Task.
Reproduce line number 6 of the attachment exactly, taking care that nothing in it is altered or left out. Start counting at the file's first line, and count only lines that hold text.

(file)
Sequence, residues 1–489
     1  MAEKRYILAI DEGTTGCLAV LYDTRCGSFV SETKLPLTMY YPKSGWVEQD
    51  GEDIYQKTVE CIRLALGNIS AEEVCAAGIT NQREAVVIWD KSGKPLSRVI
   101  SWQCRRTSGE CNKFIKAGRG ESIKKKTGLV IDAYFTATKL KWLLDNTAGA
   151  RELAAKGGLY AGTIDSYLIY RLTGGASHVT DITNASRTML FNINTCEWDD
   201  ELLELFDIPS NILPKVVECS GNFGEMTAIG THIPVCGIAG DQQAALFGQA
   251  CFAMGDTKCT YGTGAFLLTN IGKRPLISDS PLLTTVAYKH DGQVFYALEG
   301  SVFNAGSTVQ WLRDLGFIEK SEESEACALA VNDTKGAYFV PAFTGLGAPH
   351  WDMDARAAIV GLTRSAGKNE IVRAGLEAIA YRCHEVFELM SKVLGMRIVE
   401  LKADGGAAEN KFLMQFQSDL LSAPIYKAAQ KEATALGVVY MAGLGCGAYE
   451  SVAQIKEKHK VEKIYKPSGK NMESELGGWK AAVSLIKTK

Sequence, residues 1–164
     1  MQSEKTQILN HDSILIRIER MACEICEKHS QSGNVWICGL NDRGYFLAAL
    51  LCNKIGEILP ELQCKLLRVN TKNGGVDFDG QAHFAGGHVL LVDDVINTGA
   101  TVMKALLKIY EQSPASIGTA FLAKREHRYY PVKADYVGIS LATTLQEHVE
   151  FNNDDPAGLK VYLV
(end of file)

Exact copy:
   201  ELLELFDIPS NILPKVVECS GNFGEMTAIG THIPVCGIAG DQQAALFGQA